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eck, n 859-873-1988,


5 Moderate

Back is flat (no crease or ridge); ribs not visually distinguishable but easily felt; fat around tailhead beginning to feel spongy; withers appear rounded over spine; shoulders and neck blend smoothly into body.

6 Moderately Fleshy

May have slight crease down back; fat over ribs fleshy/spongy; fat around tailhead soft; fat beginning to be deposited along sides of withers, behind shoulders, and along sides of neck.

7 Fleshy

May have crease down back; individual ribs can be felt, but noticeable filling between ribs with fat; fat around tailhead soft; fat deposited along withers, behind shoulders, and along neck.

8 Fat

Crease down back; difficult to feel ribs; fat around tailhead very soft; area along withers filled with fat; area behind shoulders filled with fat; noticeable thickening of neck; fat deposited along inner thighs.

9 Extremely Fat

Obvious crease down back; patchy fat appearing.

7/22/10 10:32:44 AM

e Chart at The Stable Magazine

Kentucky Equine Research, 3910 Delaney Ferry Rd., Versailles, KY 40383, 859-873-1988,

Š Copyright Kentucky Equine Research, 2010







he packed crowds at the Rolex Kentucky Three-Day Event (USA), third leg of the FEI Classics™ 2015/2016, roared their approval of Michael Jung’s (GER) back-to-back

victory on FischerRocana, realising they were in the presence of greatness. The world number one has an unbeaten record at America’s premier venue, having won on all his three visits, which includes the world title back in 2010. “I like this place a lot,” said Jung, smilingly acknowledging the crowd. “The people are very friendly and my horse, Roxie, likes it as well. She is getting better and better. I’m learning all the time from her.” Richard Jeffrey’s Jumping track proved influential and any hopes of applying pressure on Jung evaporated when he was left with four fences in hand to win. He did use up one, when the 11-year-old mare just clipped the second part of the double, but his winning margin of 13.3 penalties is thought to be the biggest in Kentucky’s CCI4* history. Lauren Kieffer (USA) will surely have done her Olympic selection chances no harm with second place – a repeat of her 2014 result - on another mare, Veronica. This was a rise of four places thanks to achieving the only clear round, albeit with one time penalty, in the top 14. Kieffer won the Land Rover Ride of the Day prize as the US rider nearest the optimum Cross Country time on Landmark’s Monte Carlo but a disastrous five rails down dropped that partnership from seventh to 18th. Phillip Dutton (USA) also plummeted, from second to 13th, with 20 Jumping penalties on Fernhill Fugitive, but he still finished fourth and fifth on Mighty Nice and Fernhill Cubalawn. Maya Black (USA) enjoyed a career best in third place on the spring-heeled Doesn’t Play Fair. The scarcity of clear rounds at the top of the leaderboard meant that four faults was good enough to elevate Boyd Martin (USA) from 10th to sixth on Blackfoot Mystery, Sir Mark Todd from 12th to seventh on NZB Campino and Elisa Wallace from 14th to eighth on Simply Priceless.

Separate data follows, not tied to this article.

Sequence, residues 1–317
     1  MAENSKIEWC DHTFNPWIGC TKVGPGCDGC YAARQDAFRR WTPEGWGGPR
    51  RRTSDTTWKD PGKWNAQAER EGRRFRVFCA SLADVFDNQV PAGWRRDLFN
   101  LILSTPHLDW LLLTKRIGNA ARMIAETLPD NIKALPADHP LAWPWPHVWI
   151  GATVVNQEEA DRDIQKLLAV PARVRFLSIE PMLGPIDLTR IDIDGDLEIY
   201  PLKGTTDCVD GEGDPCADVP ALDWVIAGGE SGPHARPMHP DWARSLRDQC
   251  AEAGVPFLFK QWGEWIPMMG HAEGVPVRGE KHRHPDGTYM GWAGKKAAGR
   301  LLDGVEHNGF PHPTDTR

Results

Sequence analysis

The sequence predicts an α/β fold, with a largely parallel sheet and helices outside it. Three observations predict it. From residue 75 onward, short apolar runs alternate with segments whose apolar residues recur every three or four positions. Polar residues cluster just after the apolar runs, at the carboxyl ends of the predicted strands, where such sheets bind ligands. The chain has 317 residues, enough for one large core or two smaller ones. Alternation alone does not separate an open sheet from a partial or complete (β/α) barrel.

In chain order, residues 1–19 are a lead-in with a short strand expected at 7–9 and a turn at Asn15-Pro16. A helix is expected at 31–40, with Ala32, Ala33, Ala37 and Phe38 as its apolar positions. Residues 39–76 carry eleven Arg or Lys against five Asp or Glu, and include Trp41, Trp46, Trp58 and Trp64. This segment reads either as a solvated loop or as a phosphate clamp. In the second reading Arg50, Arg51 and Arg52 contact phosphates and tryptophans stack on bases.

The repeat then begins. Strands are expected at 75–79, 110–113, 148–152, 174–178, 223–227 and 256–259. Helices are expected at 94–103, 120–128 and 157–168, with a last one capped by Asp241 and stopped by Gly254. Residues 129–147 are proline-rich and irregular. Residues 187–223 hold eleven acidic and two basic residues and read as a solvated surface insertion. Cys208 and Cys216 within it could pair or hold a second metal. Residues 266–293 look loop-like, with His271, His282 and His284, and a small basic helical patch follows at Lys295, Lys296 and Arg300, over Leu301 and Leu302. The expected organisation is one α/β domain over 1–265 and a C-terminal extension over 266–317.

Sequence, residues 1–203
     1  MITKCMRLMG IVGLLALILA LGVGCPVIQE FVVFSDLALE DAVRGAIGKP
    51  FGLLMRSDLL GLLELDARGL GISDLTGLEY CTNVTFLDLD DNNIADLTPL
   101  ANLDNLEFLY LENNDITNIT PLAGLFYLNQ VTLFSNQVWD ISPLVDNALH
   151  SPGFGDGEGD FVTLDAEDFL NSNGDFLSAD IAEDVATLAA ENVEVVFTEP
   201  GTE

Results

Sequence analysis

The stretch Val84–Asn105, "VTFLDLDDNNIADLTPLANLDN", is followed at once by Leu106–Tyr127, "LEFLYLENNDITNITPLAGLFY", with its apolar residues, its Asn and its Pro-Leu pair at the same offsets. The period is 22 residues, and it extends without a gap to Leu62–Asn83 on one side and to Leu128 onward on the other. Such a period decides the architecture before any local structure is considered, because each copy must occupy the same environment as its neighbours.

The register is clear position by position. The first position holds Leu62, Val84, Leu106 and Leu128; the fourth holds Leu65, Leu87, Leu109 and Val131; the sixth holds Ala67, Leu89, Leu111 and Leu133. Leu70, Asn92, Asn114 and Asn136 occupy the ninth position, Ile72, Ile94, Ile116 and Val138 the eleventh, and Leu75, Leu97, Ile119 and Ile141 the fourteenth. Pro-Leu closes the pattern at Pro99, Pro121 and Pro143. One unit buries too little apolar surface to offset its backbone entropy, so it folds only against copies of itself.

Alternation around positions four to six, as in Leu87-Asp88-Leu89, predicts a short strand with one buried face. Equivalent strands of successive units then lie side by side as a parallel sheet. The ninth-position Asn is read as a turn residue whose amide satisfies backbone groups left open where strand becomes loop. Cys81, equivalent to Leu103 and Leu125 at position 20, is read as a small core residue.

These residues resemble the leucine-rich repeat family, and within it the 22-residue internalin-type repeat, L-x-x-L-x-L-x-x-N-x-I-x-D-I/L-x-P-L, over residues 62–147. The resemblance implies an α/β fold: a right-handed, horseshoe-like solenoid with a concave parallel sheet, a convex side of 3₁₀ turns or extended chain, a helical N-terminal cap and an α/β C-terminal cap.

> >

The Stable Magazine

Maya Black (USA) ridin



Words: Kate Green Photos: Red Bay Group

“My dream is to win Badminton, of course, but we will have to see what happens!” Michael Jung (GER) riding Fischerrocana FST

- michael jung.

Words: Kate Green Photos: Red Bay Group

ng Doesn’t Play Fair in the Cross Country phase

Phillip Dutton (USA) & Mighty Nice The Stable Magazine


Michael Jung (GER) & Fischerrocana FS

FEINEWS FEI CLASSICS™: MICHAEL JUNG MAKES HISTORY AT KENTUCKY As his attention turns to the Mitsubishi Motors Badminton Horse Trials, Jung has now risen to taken the lead in the FEI Classics™ as well as setting himself up for the Rolex Grand Slam. His great horse La Biosthetique Sam is already en route for the famous English venue. “My dream is to win Badminton, of course, but we will have to see what happens,” he said. The rest of the world has been warned. FischerRocana FST is an 11-year-old mare by Ituango XX out of a Carismo mare, owned by Joachim and Bridgette Jung.

Allison Springer (USA) & Arthur

Marilyn Little (USA) and RF Demeter

Lauren Kieffer (USA) & Veronica


The Stable Magazine






Words: Kate Green Photos: Red Bay Group Michael Jung (GER) & Fischerrocana FST The Stable Magazine


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here were happy scenes at the Mitsubishi

Motors Badminton Horse Trials (GBR), fourth leg of the FEI Classics™ 2015/2016, as a sell-out crowd watched the phenomenal Michael Jung